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Carjackings double, violent crime up 50 percent in first half of year in New Orleans

The most alarming spike was car-jackings with a 101 percent increase, followed by non-fatal shootings with a 64 percent increase.

NEW ORLEANS — A recent citywide survey showed that New Orleans residents are increasingly worried about violent crime. Now a study by the Metropolitan Crime Commission shows that people have good reason to be concerned. 

The study shows that during the first six months of 2021, violent crime – homicides, non-fatal shootings, car-jackings and armed robberies – increased citywide by 47 percent over the same period in 2020. 

The most alarming spike was car-jackings with a 101 percent increase, followed by non-fatal shootings with a 64 percent increase. Homicides are up 27 percent, while armed robberies edged down by 6 percent, the study shows.

But the statistics were unevenly distributed throughout the city. The study, which breaks down each category by police district, shows that the 5th and 7th Police Districts accounted for nearly 50 percent of all violent crime over the January to June period.

While crime is traditionally higher in the 7th District, comprising all of eastern New Orleans, and the 5th District, made up of the 7th, 8th and 9th Wards, there were notable spikes in other areas.

For example, the biggest 2021 increase in homicides was in the 1st District, 67 percent, led by a jump in killings in the Treme/Lafitte area. Car-jackings rose by 233 percent in the 5th District. And non-fatal shootings saw an alarming 450 percent spike year-to-year in the 8th District – the French Quarter, CBD and Marigny – an increase the MCC attributes to the return of people to the business and tourist area following the relaxation of COVID restrictions.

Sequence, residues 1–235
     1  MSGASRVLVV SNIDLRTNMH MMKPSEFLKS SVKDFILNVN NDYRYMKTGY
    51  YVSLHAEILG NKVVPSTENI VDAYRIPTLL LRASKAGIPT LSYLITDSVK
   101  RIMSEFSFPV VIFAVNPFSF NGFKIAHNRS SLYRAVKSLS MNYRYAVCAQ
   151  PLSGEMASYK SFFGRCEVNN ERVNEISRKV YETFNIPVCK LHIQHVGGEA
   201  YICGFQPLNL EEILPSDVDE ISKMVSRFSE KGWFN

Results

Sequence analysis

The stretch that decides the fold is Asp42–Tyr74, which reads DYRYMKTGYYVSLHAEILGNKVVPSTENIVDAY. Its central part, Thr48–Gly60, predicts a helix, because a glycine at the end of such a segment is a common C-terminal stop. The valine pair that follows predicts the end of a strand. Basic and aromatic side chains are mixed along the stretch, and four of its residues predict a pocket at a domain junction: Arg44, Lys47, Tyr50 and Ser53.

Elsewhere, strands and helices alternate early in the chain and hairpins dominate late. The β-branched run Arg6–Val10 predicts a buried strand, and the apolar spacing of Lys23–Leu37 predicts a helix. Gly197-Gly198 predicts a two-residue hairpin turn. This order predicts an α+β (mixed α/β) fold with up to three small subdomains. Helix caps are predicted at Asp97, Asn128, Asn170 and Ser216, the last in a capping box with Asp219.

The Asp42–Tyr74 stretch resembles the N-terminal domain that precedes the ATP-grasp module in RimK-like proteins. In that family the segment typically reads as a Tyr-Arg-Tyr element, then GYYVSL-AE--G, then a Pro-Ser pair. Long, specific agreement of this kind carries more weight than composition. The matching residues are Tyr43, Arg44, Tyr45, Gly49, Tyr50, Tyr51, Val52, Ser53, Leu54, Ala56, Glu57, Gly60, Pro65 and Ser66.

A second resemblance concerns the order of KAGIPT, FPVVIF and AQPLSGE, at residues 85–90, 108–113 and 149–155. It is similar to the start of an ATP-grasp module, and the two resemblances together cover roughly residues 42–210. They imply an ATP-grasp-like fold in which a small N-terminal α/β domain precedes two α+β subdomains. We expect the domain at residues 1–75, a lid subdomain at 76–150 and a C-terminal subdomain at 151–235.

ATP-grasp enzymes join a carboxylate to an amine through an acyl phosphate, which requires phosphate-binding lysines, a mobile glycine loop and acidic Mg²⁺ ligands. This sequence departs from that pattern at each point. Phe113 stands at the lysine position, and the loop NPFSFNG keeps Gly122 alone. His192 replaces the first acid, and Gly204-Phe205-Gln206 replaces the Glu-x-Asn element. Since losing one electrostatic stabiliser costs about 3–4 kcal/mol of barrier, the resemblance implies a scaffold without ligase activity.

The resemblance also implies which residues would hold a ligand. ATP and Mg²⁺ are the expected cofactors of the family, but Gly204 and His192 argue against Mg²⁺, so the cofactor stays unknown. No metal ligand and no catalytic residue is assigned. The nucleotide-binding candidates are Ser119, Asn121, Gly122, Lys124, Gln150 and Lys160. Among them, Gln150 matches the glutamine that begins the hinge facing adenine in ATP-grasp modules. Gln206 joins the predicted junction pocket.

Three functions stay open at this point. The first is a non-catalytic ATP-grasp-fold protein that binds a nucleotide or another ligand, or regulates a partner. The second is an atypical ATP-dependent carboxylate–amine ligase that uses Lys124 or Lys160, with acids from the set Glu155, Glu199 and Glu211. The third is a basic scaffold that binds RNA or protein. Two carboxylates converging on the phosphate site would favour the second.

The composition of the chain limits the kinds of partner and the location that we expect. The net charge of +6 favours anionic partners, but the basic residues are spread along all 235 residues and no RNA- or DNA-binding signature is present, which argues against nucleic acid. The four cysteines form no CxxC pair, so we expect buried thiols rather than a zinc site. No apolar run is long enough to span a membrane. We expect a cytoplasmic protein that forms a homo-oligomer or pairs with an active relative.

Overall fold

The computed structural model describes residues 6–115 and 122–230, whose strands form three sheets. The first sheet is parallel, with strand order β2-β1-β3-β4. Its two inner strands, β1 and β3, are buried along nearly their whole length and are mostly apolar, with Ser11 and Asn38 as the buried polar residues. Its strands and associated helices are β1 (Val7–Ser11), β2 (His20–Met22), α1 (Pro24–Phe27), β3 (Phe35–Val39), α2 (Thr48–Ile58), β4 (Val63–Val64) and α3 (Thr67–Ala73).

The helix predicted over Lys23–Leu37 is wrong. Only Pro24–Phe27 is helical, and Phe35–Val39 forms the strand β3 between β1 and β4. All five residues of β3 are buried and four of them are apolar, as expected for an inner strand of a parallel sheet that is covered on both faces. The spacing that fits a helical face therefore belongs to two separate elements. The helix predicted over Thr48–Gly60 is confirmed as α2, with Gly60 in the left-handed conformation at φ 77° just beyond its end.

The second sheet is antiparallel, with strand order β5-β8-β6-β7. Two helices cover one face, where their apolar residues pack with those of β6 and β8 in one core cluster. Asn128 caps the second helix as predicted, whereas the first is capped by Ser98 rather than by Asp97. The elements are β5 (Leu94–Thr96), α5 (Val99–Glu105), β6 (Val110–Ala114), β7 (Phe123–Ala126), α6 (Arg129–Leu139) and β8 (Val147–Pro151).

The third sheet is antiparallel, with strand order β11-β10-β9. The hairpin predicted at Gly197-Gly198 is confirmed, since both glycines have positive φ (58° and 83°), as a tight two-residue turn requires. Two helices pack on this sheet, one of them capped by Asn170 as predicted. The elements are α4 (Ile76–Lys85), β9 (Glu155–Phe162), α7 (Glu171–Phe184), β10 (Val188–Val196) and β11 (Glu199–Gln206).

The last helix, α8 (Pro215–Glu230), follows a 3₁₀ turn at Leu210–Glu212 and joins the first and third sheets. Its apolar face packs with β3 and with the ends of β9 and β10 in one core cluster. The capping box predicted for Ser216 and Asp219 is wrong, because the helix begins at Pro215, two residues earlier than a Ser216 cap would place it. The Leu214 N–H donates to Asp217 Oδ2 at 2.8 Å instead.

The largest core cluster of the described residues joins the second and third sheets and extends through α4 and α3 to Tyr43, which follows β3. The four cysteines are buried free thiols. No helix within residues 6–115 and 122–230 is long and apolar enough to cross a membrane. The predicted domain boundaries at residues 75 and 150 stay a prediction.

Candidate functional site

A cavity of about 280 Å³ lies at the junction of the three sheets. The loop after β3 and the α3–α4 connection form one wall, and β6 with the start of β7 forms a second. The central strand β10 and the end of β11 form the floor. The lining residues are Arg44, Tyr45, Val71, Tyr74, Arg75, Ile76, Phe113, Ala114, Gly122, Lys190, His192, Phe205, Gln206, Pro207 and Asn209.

The increases are taking place at a time when the NOPD is suffering through a 50-year low in troop strength, hovering at about 1,100 officers for a department that for years has set 1,600 as a goal.

Crime Commission President Rafael Goyeneche said the department will be hard-pressed to make significant gains in the crime numbers as long as it continues to be a “reactive” force, responding primarily to emergency calls, rather than a “pro-active” force, sending officers to hot-spots to seek out criminal activity.

“What we're seeing is an alarming increase in violent crime, a 50-year historical low in police staffing, and we're seeing the numbers go up and the police department is incapable of responding,” Goyeneche said. “The police who are on patrol are just responding from one call to service to the next. And those calls for service are being triaged to focus on the most urgent crimes of violence. And that’s unacceptable.”

In a recent exclusive interview with WWL-TV, Police Superintendent Shaun Ferguson acknowledged the challenges the department is facing due to fewer officers, but said he is implementing “smart” crime-fighting strategies that will allow the force to do more with less.

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